Updated Tue, Apr 22, 2014 2:31 pm
After living in Athens for more than three decades, two Athenians have demonstrated they are eager to give back to what they think is a community treasure.
Ann Moneypenny, who graduated from Ohio University in 1984 with a bachelor’s degree in art history, and her husband, Michael Kleinman, established the Athena Cinema Support Fund, a non-endowed fund, which provides support for the operational costs of the university-owned theater.
The fund is part of the Kleinpenny Educational Fund, a resource the couple created to support creativity, critical thinking, sustainability, tolerance and mental health programs.
Through Ohio University, the Kleinpenny Educational Fund supports Friends of the Kennedy Museum, OU’s Performing Arts Series Fund, WOUB Public Media and OU’s School of Dance, Film and Theater. Moneypenny and Kleinman have been supporting OU’s Division of Theater for almost 30 years.
The couple trace their business roots back to when they owned and operated the legendary Athens pizzeria, Late Night Pizza. Kleinman, who came to Athens in 1976, also opened one of the first food carts on Court Street. He sold French bread pizza to hungry students and uptown visitors just down the street from the Athena Cinema, which will celebrate its 100th year in 2015.
"Athens is a wonderful community in which to live, raise kids and take part in a wide variety of social groups," Moneypenny said. "We have enjoyed living here since '76 and '80 and feel blessed that our time on this planet as been so fulfilling. Athens has had a lot to do with that. Here you make a difference. Being part of the economy here has allowed us to prosper and to use our resources to give back. We'll never leave. Athens is our home."
Supporting Athens’ Only Uptown Cinema
The Athena has served the community as a cinema since its 1915 opening, making it one of the oldest continually-running cinemas in the United States. Ohio University purchased the theater in 2001 and shortly after turned operations over to the College of Fine Arts. The Kleinpenny Educational Fund serves to add to this support.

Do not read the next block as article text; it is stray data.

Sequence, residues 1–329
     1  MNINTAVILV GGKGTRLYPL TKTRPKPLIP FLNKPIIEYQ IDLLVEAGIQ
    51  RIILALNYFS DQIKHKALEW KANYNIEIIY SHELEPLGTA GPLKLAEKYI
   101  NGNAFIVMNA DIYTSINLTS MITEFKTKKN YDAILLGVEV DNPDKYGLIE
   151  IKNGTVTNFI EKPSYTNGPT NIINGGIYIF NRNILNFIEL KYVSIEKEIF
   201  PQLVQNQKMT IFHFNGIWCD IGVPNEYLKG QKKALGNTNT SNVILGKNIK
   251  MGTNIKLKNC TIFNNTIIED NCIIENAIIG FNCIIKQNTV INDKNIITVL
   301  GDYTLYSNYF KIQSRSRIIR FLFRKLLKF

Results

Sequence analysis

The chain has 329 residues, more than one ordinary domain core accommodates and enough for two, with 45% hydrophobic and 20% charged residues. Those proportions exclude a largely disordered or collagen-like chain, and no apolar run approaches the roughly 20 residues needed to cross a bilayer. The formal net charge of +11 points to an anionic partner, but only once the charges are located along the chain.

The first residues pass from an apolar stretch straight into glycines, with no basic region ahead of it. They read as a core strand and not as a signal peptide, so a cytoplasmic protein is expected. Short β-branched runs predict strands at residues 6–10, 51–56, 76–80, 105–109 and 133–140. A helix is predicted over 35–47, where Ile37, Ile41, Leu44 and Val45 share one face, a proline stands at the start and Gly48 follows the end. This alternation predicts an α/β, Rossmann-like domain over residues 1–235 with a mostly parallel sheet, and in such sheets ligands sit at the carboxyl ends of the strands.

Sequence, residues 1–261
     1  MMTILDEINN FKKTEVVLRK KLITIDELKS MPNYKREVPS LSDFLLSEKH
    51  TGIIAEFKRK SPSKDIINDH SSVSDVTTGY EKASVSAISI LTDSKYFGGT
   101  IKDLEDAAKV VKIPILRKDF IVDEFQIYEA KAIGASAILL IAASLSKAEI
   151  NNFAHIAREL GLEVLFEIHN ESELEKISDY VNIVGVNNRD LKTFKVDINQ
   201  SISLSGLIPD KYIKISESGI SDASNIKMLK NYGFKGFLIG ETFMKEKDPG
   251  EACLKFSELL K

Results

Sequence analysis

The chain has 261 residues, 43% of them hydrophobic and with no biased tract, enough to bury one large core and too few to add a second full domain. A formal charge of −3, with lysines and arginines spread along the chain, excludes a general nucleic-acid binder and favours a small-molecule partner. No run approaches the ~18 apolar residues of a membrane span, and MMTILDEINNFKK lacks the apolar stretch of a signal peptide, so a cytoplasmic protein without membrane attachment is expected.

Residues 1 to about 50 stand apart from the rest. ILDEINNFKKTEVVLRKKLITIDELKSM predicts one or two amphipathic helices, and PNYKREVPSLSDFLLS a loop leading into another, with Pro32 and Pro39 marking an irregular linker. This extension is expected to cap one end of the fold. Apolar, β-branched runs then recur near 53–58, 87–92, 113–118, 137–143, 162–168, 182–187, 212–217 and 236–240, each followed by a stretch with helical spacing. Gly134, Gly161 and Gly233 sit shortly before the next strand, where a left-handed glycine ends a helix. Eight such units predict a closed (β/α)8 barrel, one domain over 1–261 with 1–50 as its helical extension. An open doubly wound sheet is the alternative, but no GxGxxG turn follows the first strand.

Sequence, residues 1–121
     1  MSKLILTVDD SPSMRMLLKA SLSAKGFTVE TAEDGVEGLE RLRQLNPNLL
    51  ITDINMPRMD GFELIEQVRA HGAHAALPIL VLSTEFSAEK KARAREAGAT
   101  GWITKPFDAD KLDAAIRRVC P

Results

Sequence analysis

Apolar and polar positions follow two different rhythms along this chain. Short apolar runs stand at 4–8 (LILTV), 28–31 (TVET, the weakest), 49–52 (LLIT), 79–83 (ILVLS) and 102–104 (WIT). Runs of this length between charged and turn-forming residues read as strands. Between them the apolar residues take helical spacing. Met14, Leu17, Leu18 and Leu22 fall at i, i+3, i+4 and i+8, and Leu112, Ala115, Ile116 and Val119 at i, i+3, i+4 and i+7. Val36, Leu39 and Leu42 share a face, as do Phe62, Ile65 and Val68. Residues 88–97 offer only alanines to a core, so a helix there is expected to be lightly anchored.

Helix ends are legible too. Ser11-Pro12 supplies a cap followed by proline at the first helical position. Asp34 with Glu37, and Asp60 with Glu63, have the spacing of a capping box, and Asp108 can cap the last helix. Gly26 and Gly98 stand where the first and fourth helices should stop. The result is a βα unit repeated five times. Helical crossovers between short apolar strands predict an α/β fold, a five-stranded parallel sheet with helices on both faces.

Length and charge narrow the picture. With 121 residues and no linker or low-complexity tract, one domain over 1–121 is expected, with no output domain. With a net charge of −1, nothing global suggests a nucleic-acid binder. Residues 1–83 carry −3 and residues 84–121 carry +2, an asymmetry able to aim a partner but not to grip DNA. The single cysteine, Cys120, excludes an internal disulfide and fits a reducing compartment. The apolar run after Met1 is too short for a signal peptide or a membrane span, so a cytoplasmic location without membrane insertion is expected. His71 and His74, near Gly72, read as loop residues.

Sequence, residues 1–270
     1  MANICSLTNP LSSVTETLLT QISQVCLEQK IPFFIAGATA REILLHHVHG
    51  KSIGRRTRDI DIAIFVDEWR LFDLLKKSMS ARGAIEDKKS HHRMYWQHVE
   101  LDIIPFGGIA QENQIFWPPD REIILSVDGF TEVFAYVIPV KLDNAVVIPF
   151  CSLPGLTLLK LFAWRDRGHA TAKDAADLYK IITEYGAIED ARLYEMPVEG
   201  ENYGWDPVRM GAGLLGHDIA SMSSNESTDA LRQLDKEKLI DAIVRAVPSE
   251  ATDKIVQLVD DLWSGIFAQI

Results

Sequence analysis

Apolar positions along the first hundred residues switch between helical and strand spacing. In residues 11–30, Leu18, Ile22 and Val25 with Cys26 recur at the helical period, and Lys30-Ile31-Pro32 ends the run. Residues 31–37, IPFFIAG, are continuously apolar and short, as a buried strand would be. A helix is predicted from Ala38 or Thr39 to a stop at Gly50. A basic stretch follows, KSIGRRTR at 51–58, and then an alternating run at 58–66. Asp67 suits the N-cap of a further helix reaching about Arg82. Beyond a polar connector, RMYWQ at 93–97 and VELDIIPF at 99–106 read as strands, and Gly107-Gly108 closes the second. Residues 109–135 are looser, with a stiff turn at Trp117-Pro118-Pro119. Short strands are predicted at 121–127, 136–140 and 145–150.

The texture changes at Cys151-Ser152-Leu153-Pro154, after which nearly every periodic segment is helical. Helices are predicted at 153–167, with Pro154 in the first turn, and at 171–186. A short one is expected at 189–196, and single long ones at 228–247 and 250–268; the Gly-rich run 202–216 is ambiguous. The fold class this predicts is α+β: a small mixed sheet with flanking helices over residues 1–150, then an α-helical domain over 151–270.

"At one time, it was kind of up in the air whether the theater would remain," Moneypenny said. "We realized how much the community would lose if the theater was lost."
Ohio University has made several upgrades to the theater in the years since purchasing it, including new projectors, refurbished seats and programming like "Science on Screen," a project of the Coolidge Corner Theater that is supported by the Alfred P. Sloan Foundation.
Since OU’s ownership, the Athena has also been taken back to its art-house cinema roots, screening films that focus on independent work, foreign cinema and documentaries on current issues. It is the only art-house cinema in southeastern Ohio.
The Athena Cinema also has been long-time host to the Athens International Film + Video Festival (AIF+VF), which hosted its 41st festival earlier this month.
"I think the Athena Cinema helps keep Athens interesting," Moneypenny said. "It helps the atmosphere of open-minded education and learning about things you didn’t even know you didn’t know."
Kleinman and Moneypenny established the fund to support the theater’s operational costs, a rare choice for donors. Prior to the couple’s gift, the theater did not have its own private source for these costs.
Because these funds will be used at the discretion of those operating the theater, they will be used toward the Athena’s greatest operational needs.
"Ann and Michael’s generosity to the theater is such a meaningful contribution," said Athena Cinema Operations Director Alexandra Kamody. "The Athena is committed to serving both the Ohio University and Athens community and providing shared experiences for everyone in the area. It is a period of great change for theaters as we enter the age of digital exhibition and gifts like this will ensure the success and survival of the theater through these transitions."
The goal of the Athena Cinema Support Fund, Moneypenny said, is to insure the Athena Cinema remains in Athens to serve the Athens community. To give operational support to the Cinema, Moneypenny realized she and her husband needed to have an Ohio University Foundation account to which they could write the check. The theater did not have such an account, so they decided to create one.
"I think the Athena is a place where people can go to learn about topics, both current and historical," she said. "There’s such a wide diversity of genres offered in film there—a lot of foreign films. These are films that would never be shown in one of the area’s bigger theaters."
Support from the Kleinpenny Educational Fund is a part of Ohio University's The Promise Lives Campaign, which seeks to raise $450 million by June 30, 2015, and already has secured more than $447.1 million toward its goal in support of students, faculty, programs, partnerships and select facilities at Ohio University.
The article originally appeared on Ohio University's Compass.